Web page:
WOODSTOCK, CT — Gov. Ned Lamont delivered on his promise to bring a celebration of Woodstock-era nostalgia to the Woodstock Fair this year, the 50th anniversary of the original event in Bethel, NY.
Lamont used personal funds to produce Friday’s four-hour Battle of the Bands on the annual fair’s opening day, distributing $17,000 in prize money, naming a Connecticut Band of the Year, and generating another $5,000 for charity through sales of tye-dyed T-shirts.
Organizers sold 125 shirts at $20 each, generating $2,500 that was matched by Lamont for a total of $5,000 for the Thompson Ecumenical Empowerment Group, according to its executive director, Anne Miller.
The governor made the most of the day, often getting up to dance with other fans of Woodstock-era music. Each of the five finalist bands played a 30-minute set consisting of songs performed during the original Woodstock concert. More than 65 bands entered the contest, according to Lamont spokesman Rob Blanchard.
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Last Licks, a Hartford-area band, won first place and took home the grand prize of $7,500 and the “Connecticut Band of the Year” title.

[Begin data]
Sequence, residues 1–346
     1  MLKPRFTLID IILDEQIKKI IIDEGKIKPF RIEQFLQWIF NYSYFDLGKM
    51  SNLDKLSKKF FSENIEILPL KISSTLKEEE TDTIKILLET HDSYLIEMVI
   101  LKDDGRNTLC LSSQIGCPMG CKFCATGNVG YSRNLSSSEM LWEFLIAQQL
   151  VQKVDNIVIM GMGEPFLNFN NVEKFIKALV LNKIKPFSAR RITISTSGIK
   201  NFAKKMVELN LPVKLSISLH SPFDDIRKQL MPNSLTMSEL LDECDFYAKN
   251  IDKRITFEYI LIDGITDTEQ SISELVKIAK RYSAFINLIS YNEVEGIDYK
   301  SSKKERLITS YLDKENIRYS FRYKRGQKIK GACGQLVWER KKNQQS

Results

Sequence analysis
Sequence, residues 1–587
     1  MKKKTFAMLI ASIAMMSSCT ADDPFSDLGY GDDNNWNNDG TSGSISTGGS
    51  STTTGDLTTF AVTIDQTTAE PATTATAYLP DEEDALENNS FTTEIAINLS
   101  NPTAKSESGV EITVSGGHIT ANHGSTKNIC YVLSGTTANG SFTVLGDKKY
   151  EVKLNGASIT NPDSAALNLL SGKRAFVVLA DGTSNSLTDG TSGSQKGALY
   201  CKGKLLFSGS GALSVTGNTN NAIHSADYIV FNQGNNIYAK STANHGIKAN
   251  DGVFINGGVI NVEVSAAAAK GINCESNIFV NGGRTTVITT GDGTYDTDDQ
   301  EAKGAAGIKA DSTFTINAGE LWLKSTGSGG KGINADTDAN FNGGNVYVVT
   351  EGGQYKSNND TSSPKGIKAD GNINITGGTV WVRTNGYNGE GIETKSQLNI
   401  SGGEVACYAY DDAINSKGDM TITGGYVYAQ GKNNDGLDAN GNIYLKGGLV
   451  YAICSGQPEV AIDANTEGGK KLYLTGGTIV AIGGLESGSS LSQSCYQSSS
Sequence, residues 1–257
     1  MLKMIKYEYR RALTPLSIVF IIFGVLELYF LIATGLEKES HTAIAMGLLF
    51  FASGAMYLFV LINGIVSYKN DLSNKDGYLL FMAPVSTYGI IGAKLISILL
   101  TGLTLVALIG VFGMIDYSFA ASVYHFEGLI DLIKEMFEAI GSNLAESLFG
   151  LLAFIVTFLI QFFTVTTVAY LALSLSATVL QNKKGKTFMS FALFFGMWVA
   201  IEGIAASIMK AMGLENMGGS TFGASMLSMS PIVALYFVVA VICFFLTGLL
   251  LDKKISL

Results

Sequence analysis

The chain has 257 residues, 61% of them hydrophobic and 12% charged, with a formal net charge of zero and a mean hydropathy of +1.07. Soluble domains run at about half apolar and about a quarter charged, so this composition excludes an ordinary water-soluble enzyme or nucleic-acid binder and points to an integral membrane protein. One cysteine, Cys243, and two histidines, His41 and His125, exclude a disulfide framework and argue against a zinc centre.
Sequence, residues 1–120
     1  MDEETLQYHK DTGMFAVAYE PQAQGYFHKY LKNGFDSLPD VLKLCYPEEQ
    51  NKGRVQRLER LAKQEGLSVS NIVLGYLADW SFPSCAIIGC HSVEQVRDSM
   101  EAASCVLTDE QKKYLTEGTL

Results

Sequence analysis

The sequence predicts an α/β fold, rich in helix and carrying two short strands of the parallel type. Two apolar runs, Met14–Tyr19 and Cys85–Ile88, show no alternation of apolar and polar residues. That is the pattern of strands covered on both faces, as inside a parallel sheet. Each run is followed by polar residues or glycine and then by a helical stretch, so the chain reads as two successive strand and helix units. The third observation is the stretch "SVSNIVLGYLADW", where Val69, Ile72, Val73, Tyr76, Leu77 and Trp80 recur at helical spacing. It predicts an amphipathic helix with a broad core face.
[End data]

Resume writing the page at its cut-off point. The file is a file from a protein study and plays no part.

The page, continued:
Second place and $5,000 went to the Hollister Thompson Band, followed by Among the Acres in third, taking home $2,500. The Balkun Brothers and Weird Sounds were fourth and fifth respectively and each won $1,000.
State Sen. George Logan, R-Ansonia, was among the performers Friday, wowing the audience with his rendition of Jimi Hendrix’s cover of the Star Spangled Banner
Logan wasn’t competing, however, and also served as one of the contest’s six judges along with Lamont, Department of Agriculture Commissioner Bryan Hurlburt, WINY radio co-owner and president Gary Osbrey, WFSB Channel 3’s Dennis House, and Connecticut Troubadour Nikita Waller.
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Lamont conceived the event and first mentioned it at a transition meeting at Eastern Connecticut State University in November, as his administration began to take shape.